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PISCES E-conference


UNBLOCKING THE BIOMASS MARKET SYSTEM IN SRI LANKA

Dear all

I am emailing on behalf of Namiz Musafer from Practical Action Sri Lanka who would like to introduce us this section of the report on Bioenergy Market Development and take us through a case study on participatory market mapping for bioenergy markets for industry, service and household sectors in Sri Lanka. He apologises for not being able to present this himself today but will be available for questions as soon as he can gain internet access in the next day or so. His presentation is as follows:

Outline:
Cooking accounts for 81% of total biomass consumption where biomass has a 47% of Sri Lanka’s national primary energy consumption. The aim of PISCES country program is to ensure energy access for the poor with the focus being on effective and sustainable utilisation of biomass energy for domestic and industrial energy demands. Following a capacity building exercise in 2008 to understand the (Participatory Market Systems Development) PMSD process, this paper presents the results of a Participatory Market Mapping (PMM) workshop to analyse bioenergy market systems of the domestic, institutional and industrial sectors in order to identify key issues in the market chain and where policy interventions are required. The workshop identified similarities between the enabling environments and supporting services for both markets. The workshops culminated with recommendations to improve policies and form product specifications in order to mature the market chains and improve the flow paths of bioenergy products.

Outcome :
The market mapping workshop was successful in identifying chain actors, enabling environment players, service providers and their inter-relationships, and, in particular, the issues facing them. However, the quantification of the flow of biomass along the chain was not successful, due to the immature nature of the chains with poorly constructed flow paths. Therefore, it is worthwhile for PISCES to address these issues to enable biomass to be promoted as a well established commercial commodity.

The proposed recommendations from the project include:
§ The establishment of an institution with the authority to implement a bioenergy sector policy framework;
§ The formulation of biomass product specifications (e.g. moisture content and size) in consultation with the Sri Lanka Standards Institution;
§ The development of a practical pricing mechanism for biomass;
§ and a revolving fund for cushioning price fluctuations.

Authors:
John Ndegwa, Namiz Musafer and Tameezan wa Gathui


References and documents:
http://www.pisces.or.ke/index.html
http://www.pisces.or.ke/pubs/pdfs/04007_ECO_Pisces_Bioenergy_Market.pdf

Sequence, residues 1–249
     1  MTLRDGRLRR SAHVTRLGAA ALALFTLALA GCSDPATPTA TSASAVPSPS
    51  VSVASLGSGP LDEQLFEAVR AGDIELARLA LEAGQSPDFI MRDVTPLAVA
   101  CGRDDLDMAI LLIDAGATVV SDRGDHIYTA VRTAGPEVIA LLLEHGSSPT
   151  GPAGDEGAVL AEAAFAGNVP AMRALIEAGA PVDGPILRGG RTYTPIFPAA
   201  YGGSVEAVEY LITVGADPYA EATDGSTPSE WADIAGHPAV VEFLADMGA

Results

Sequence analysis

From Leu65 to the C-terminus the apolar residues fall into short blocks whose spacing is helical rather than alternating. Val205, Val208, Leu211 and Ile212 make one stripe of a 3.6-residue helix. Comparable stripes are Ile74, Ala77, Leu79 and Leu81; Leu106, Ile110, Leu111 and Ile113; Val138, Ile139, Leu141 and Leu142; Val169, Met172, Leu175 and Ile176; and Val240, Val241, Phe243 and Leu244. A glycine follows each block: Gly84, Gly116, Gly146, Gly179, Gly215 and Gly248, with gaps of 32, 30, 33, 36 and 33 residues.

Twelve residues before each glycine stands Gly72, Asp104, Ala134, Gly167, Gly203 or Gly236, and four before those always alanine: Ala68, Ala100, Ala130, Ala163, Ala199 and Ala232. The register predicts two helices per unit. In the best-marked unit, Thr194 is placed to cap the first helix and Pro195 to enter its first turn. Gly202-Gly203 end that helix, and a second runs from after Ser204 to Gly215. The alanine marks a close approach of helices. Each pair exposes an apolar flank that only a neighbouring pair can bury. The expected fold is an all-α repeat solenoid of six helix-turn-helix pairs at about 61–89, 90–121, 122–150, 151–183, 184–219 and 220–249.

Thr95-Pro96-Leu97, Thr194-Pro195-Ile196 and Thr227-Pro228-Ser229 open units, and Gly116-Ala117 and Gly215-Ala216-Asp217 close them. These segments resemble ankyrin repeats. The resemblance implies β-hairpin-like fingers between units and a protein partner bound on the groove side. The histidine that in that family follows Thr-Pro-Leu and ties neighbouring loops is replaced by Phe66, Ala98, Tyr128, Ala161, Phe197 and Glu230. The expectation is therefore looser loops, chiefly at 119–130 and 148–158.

http://practicalaction.org/markets-and-livelihoods/mapping_the_market

Ewan and Namiz welcome questions, ideas and clarification based in this work. Namiz unfortunately has limited internet access at the moment but will answer as soon as he can.
Dear all.

Thanks Miriam for initiating this discussion. Comparing both Sri-Lankan and Kenya PMM, I realized that information flow mechanisms have not been given much attention in the model. It is important to recognise the enormous influence that the media can and other communication facilities have in the entire market network.

Is there anyone who think this is lacking in the PMM or has not been given enough attention?

Is communication flow and information sharing important in strengthening the market network?

We may also want to know how PMM has been done in other countries so i will request participants to give a short overview of such cases from their countries.

Thanks,

Kiprono
Dear all,

Sorry I have not been able to follow all the presentations in detail as I am
in the field. I was particularly impressed by the recommendations of Namiz *et
al* (although many others have also been very incisive) as something I have
come across in South Africa is somewhat of a 'missing link' in the biomass
energy market chain (if one can call it that). Not only this but I think it
is important to recognise that calling for institutions is very different to
the actual 'institutionalisation' of, for example, biomass related policy
and its final implementation. Although this is a perennial challenge it is
one research can help, which makes the calling for standards developed in
collaboration equally important, if not fundamental.

Kind regards,

Shaun

On 24 March 2011 13:43, <hedon@hedon.info> wrote:

>
> Dear all.
>
> Thanks Miriam for initiating this discussion. Comparing both Sri-Lankan and
> Kenya PMM, I realized that information flow mechanisms have not been given
> much attention in the model. It is important to recognise the enormous
> influence that the media can and other communication facilities have in the
> entire market network.
>
> Is there anyone who think this is lacking in the PMM or has not been given
> enough attention?
>
> Is communication flow and information sharing important in strengthening
> the market network?
>
> We may also want to know how PMM has been done in other countries so i will
> request participants to give a short overview of such cases from their
> countries.
>
> Thanks,
>
> Kiprono
>
> --
> HEDON PISCES E-conference - PISCES Market Mapping E-confernce
> Unsubscribe www.hedon.info/Groups | Visit the forum online
> http://www.hedon.info/forum17
>
>


--
Shaun Ruysenaar
----------------------
PhD Candidate and Commonwealth Scholar
Graduate School of Social and Political Science
The University of Edinburgh
Msc. BSc. (Hons) Env. Sci.
South Africa/Scotland
Cell: +27 (0)72 115 8003
Fax: 086 609 3840
Skype: flipside1982
PISCES Researcher www.pisces.or.ke
 
  • A practitioner's journal on household energy, stoves and poverty reduction.



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